Copayments and Demand for Medical Care : The California Medicaid Experience.

by L. Jay Helms, Joseph P. Newhouse, Charles E. Phelps

Download eBook for Free

FormatFile SizeNotes
PDF file 1.3 MB

Use Adobe Acrobat Reader version 10 or higher for the best experience.

Employing a Zellner-type indirect regression technique, and data from the 1972 California Copayment Experiment, the authors attempt to assess the impact of a copayment requirement on utilization of health care resources by the poor. Focus is on three questions regarding effects of an increase in out-of-pocket cost of physician office visits: (1) Will such an increase inhibit demand for ambulatory care? (2) Will it increase or decrease demand for hospitalization? (3) How will it affect total resource cost of health care services, both in and out of hospitals? The results indicate that a $1 copayment requirement apparently decreases demand for physician visits by 8 percent and increases demand for hospital inpatient services by 17 percent. Although the confidence intervals are large, point estimates indicate that copayment increases overall program costs by a statistically insignificant 3 to 8 percent. Thus copayments could be self-defeating as a method of controlling medical costs in a welfare population. 29 pp. Ref.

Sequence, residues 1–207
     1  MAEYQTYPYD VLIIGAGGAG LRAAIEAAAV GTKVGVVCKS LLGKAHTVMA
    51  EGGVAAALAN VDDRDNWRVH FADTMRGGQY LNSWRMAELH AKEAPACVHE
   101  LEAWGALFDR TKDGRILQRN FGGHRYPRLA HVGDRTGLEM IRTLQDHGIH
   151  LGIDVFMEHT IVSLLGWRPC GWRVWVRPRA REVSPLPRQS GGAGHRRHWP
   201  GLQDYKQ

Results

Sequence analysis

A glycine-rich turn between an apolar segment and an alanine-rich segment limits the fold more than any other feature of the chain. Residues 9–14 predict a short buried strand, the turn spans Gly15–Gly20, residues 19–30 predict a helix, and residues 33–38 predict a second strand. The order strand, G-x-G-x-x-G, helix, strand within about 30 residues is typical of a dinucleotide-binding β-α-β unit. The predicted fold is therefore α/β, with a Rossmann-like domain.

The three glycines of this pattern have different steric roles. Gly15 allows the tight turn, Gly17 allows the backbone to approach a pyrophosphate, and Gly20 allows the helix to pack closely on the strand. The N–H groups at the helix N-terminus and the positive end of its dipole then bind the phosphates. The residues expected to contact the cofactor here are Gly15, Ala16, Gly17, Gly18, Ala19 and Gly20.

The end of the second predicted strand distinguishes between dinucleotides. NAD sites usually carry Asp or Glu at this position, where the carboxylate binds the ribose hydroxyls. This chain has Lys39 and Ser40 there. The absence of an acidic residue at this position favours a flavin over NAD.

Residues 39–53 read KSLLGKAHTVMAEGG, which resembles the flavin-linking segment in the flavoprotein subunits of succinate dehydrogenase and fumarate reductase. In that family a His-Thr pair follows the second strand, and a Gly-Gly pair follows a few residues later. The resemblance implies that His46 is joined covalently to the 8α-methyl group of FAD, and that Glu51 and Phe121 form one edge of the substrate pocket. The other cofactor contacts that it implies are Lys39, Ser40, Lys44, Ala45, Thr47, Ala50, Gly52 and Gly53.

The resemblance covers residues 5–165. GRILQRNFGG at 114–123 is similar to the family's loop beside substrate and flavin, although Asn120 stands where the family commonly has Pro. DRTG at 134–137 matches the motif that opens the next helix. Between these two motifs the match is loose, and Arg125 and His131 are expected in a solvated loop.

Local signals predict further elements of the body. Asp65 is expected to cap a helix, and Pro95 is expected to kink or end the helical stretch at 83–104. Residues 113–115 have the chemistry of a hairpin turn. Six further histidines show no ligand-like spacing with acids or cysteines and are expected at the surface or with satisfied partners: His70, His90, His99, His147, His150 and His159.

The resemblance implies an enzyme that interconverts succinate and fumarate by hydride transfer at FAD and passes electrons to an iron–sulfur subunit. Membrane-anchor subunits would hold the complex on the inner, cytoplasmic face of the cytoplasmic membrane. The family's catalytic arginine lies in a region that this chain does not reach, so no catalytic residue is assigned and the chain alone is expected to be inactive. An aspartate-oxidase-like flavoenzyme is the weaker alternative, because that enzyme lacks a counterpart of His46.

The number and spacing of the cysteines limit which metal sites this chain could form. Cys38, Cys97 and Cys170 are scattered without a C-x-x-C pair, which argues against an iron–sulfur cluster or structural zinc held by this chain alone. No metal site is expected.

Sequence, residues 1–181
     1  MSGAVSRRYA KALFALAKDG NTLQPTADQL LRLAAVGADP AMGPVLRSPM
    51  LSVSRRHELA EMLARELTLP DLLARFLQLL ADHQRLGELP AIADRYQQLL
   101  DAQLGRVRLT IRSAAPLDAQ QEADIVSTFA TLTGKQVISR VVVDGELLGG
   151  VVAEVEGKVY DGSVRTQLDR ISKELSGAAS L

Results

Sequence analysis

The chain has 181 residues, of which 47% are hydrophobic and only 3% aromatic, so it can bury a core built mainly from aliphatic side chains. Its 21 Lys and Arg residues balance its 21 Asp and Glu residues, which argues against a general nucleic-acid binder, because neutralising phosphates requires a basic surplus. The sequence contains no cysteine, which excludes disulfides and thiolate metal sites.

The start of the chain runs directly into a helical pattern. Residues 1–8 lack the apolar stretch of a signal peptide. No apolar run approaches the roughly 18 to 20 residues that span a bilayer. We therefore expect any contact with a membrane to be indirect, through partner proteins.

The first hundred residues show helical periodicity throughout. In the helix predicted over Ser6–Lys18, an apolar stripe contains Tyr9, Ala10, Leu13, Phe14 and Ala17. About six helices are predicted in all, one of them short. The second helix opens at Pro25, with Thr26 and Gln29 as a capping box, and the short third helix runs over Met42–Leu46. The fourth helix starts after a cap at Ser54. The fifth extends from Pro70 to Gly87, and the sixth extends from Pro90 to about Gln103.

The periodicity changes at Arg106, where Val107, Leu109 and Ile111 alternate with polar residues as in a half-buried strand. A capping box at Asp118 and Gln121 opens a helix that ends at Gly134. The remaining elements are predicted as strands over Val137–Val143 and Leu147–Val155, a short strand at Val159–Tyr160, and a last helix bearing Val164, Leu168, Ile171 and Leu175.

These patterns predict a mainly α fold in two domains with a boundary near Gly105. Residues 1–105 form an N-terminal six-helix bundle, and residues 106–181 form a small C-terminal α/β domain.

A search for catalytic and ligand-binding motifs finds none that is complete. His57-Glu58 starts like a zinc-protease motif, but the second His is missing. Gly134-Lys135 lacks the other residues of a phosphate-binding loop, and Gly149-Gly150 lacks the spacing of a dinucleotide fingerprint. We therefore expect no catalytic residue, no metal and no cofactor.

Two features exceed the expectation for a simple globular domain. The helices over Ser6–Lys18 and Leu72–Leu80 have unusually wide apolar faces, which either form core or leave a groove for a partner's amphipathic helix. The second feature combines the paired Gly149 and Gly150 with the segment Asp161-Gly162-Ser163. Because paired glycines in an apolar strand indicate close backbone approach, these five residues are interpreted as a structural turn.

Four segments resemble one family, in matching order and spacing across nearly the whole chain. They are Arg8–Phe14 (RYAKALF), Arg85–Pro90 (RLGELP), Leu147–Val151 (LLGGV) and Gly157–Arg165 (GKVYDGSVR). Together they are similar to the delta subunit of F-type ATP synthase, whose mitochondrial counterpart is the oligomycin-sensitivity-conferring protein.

This report is part of the RAND Corporation report series. The report was a product of the RAND Corporation from 1948 to 1993 that represented the principal publication documenting and transmitting RAND's major research findings and final research.

Permission is given to duplicate this electronic document for personal use only, as long as it is unaltered and complete. Copies may not be duplicated for commercial purposes. Unauthorized posting of RAND PDFs to a non-RAND Web site is prohibited. RAND PDFs are protected under copyright law. For information on reprint and linking permissions, please visit the RAND Permissions page.

The RAND Corporation is a nonprofit institution that helps improve policy and decisionmaking through research and analysis. RAND's publications do not necessarily reflect the opinions of its research clients and sponsors.